As big-data initiatives create expectations of competitive advantage, organizations are beginning to come to terms with the challenges ahead.
While data quality issues take center stage, the ability to meaningfully integrate structured enterprise data — frequently housed across multiple enterprise resource planning (ERP) systems, planning systems, manufacturing and production systems, customer relationship management (CRM), warehouse management systems (WMS), and transportation and compliance systems — with high velocity unstructured data streams, is causing significant challenges. Organizations with globally dispersed supply chains face an additional layer of complexity. They must also attempt to integrate and leverage useful data that resides with upstream and downstream partners across dozens of nodes in value chain.
In the high-tech industry, most current business applications of big-data analytics are in sales, marketing, customer service, and manufacturing. Demand-related big-data analytics are being leveraged to optimize pricing, promotions, product variations, and product availability, as well as positively impact customer satisfaction. Supply side analytics though, have been slow to take off. With procurement teams and supply sources located globally and working off multiple systems and data warehouses, data accuracy and timeliness of data have posed bottlenecks.
Procurement organizations can transform four important areas by leveraging supply side analytics: planning, procurement, inventory management, and supply risk management. Top procurement organizations recognize that this transformation goes well beyond creating procurement dashboards, spend analysis, and color-coded supplier scorecards. These organizations leverage multi-tier supply base data, supplier financial data, product and process quality data, transportation, regulatory, and other non-spend data to create savings, transparency, procurement intelligence, innovation, risk mitigation, and competitive advantages. Along with the right talent and resource deployment, technology plays a key role, as real or near-real time information delivery and minimal latency are critical to meaningful big-data analytics.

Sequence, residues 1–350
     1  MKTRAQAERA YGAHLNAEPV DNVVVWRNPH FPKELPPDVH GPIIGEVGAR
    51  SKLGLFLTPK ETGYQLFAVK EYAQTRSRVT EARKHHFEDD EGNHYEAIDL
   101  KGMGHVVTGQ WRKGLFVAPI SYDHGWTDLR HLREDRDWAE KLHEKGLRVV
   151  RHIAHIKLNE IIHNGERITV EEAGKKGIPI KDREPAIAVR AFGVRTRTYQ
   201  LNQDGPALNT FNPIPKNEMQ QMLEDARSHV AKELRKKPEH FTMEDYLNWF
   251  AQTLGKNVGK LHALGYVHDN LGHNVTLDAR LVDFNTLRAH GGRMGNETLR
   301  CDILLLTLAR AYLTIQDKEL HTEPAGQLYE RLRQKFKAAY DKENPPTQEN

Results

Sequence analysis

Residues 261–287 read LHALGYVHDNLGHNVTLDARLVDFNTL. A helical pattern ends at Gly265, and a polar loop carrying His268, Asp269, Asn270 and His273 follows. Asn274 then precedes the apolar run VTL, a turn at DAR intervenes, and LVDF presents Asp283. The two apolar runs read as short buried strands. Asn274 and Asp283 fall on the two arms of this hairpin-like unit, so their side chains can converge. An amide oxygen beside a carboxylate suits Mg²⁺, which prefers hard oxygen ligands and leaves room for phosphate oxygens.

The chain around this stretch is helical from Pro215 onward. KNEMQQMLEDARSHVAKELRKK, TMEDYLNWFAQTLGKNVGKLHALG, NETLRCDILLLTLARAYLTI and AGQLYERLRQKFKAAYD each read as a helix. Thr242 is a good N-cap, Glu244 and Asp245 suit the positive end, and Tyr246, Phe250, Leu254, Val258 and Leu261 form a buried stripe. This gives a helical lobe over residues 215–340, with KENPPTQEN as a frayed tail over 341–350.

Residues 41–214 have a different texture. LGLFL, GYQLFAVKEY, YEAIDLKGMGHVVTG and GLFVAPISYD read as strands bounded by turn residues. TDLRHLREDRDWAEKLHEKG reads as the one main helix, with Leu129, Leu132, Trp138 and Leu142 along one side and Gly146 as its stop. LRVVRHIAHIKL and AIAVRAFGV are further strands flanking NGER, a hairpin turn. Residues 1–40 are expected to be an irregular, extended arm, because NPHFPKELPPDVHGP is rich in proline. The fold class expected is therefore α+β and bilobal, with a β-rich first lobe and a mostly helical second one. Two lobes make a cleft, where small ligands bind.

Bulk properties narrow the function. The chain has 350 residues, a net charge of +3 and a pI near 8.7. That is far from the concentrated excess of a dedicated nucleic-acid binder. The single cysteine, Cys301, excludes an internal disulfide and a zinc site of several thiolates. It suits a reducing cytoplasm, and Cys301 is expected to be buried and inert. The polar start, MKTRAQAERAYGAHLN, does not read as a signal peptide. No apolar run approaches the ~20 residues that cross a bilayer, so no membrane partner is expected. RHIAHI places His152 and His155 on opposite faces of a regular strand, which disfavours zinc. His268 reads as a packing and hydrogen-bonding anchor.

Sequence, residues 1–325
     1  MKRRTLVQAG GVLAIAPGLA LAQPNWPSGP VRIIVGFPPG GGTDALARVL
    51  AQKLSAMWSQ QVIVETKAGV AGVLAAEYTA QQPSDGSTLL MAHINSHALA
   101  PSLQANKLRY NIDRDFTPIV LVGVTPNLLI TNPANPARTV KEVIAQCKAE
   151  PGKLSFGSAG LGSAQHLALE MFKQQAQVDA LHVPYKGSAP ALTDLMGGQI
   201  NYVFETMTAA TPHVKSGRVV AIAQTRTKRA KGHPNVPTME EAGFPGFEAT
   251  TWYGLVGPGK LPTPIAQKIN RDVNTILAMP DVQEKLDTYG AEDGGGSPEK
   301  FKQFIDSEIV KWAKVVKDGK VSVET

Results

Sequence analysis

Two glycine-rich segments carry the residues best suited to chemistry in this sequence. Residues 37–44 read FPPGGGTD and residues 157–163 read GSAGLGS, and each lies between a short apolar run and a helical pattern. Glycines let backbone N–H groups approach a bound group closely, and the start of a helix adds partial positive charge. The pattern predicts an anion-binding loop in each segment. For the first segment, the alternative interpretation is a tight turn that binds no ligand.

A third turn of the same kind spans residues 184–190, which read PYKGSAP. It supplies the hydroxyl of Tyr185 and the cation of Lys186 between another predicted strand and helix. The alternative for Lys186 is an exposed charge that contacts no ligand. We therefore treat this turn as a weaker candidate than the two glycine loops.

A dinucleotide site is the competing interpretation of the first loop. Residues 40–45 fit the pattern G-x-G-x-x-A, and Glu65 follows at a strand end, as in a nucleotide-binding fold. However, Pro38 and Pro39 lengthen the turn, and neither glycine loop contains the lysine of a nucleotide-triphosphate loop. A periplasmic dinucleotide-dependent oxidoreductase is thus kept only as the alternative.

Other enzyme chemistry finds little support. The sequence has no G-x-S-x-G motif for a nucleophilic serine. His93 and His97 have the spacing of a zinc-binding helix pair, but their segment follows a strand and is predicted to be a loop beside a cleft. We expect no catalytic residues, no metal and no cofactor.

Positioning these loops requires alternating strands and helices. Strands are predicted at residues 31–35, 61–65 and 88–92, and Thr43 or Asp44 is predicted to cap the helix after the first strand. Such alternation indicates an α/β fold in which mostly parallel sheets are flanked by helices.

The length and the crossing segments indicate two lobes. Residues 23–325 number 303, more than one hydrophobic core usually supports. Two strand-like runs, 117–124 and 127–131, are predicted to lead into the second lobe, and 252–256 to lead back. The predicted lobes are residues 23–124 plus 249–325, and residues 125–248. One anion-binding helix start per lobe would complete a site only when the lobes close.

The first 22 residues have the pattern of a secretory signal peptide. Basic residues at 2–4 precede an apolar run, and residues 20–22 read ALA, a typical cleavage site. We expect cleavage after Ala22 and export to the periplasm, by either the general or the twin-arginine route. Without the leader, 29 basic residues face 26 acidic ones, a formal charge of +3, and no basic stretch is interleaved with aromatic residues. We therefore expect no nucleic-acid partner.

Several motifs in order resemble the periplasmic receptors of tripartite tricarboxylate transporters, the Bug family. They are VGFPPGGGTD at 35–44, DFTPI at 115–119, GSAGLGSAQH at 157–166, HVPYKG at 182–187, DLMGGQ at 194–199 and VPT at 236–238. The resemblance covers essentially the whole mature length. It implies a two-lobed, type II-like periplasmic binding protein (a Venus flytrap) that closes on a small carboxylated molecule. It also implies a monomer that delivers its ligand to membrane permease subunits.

During my conversations and exchange of ideas with other supply chain leadership teams pursuing big-data initiatives in procurement, the following three areas have generated the most interest:
1. Predict supply and supplier performance relative to perfect order fulfillment, predict a supplier's negotiation strategy, optimize sourcing awards, and address downside risks by leveraging:
a. Supplier financial performance information
b. Supplier current capacity, future capacity expansion investments, and top customers
c. Lead time/availability/pricing changes/promise versus actual supply date
d. Alternate supply source lead time/availability/pricing changes
e. Delivery expedite instances
f. Raw material pricing volatility
g. Currency swings
2. Drive micro-segmentation of supply sources and products based on factors such as manufacturing location, product category, product technology, pricing, lead time, inventory model, supply contracts, carrier contracts, trade regulations, etc., to enable:
a. Scenario planning during procurement strategy finalization
b. Inter-enterprise process optimization and process innovation across suppliers, carriers, manufacturing locations, and contract manufacturers
c. Product and process cost savings, while driving alignment of economic incentives
3. Significantly improve advanced modeling capabilities of component inventory profile across the entire network through:
a. Integration of planning signals from demand chain, NPI, engineering, and repair/refurbish
b. Component level traceability, quality, failure rate, and root cause analysis across the value chain
In each case, organizations have begun the journey by creating an MDM strategy and followed that by investing in understanding, harmonizing, and aggregating relevant data from upstream and downstream value chain partners, as well as from third-party sources. In the high-tech industry, distributors like Avnet have traditionally leveraged structured data (including partner data) residing in ERP, supply chain systems, and data warehouses, to enhance capabilities in planning, procurement, and inventory management. Distributors are now leveraging technology and next-generation visualization tools to create competitive advantages for their business partners.
I invite you to share your insight and experiences related to application of big-data analytics in procurement organizations in the high-tech industry in the comments section below.